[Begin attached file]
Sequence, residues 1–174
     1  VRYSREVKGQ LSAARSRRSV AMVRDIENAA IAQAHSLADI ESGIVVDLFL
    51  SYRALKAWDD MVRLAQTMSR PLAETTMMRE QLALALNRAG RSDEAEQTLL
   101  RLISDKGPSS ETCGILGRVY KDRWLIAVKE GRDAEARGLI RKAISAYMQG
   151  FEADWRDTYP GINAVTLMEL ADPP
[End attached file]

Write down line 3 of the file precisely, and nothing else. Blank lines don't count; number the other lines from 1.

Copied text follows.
    51  SYRALKAWDD MVRLAQTMSR PLAETTMMRE QLALALNRAG RSDEAEQTLL